8/10 The fascinating true story of what may or may not be the last known painting from Leonardo da Vinci, “The Lost Leonardo” tracks the discovery of the “Salvator Mundi” painting and then tracks its sales as it has moved all around the world over the past 15 years or so. I thought this film would mainly be on the focus of finding the painting and the controversy surrounding its authentication but I was pleasantly surprised to find out that that was only the first third of the film. Director Andreas Koefoed uses the first act as just the tip of the iceberg as the rest of the film covers a wide variety of topics related to the painting ranging from but not limited to Russian oligarchs, Saudi Arabia’s tourism goals, corruption, record breaking auctions/sales, French politics, etc. The film takes fascinating turns and goes in directions the audience would not expect the film to go. While I am not a big fan of the art world and paintings in general, even I found this film to be fascinating and educational in an entertaining way. Every relevant person or group was interviewed and the only ones who didn’t appear were people or groups who turned these film makers down, which only made them look bad when you go through the relevant facts. The Louvre in Paris in particular gets exposed to have done some shady things in regard to the authentication of the painting that they still won’t own up to. If you take a car and break it down piece by piece you can figure out how much each piece costs to make, add them up and figure out the car’s worth. You can take the budget of a film by breaking down all of the costs added up to fund the film and the pay of everyone involved. You can figure out the cost of a building by all of the materials used and the man hours involved. Basically everything has a price but when it comes to paintings, they are one of the few items in the world where their value is completely subjective. The fact that we will never even know for sure if this was a da Vinci painting casts doubt on if the painting is worth what it has been sold for. The film does an excellent job breaking everything down and explaining the business aspect of the art world and how so much is shrouded in secrecy involving moving art. Money laundering is common when it comes to the art world as money moves between people without any kind of confirmation as to what exactly the money is for. Sellers and buyers remain anonymous and greed is often king. The film’s B roll footage was fantastic. My only complaints would be that the film does run a hair long and could have maybe trimmed a little bit and all but one of the people interviewed seemed to be super old. While there is nothing wrong with the experts being older (it only makes sense), it gives the film a “boomer” feeling that may turn some younger audiences off. I hope young and old people give this film a chance though because after the recent “The Alpinist”, “Show Me the Father” and now this, 2021 is turning into the year of high quality documentaries.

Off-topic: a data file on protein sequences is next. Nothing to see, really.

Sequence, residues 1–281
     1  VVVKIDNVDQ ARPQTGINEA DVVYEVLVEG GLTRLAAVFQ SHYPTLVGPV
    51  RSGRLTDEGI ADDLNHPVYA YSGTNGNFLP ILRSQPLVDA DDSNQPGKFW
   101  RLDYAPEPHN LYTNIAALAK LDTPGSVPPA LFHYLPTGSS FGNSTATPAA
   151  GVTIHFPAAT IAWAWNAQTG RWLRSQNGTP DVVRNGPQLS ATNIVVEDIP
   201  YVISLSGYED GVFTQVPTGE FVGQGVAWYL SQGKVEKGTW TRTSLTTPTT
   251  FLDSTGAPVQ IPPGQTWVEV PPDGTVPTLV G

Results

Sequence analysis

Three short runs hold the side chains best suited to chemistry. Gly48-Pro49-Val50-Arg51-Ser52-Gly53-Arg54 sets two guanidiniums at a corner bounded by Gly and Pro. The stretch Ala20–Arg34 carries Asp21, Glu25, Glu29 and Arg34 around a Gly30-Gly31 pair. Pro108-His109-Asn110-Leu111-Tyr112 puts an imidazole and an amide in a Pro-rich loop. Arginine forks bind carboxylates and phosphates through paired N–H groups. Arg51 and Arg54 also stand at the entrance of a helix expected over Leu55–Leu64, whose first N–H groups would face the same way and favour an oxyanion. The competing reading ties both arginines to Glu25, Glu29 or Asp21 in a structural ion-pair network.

#TheCostOfLeonardo / #AllIsFairInLouvreAndWar / #TheMundiBlues / #TheDaVinciCodeOfSilence / #DealerOrNoDealer / #MySaudiMyChoice

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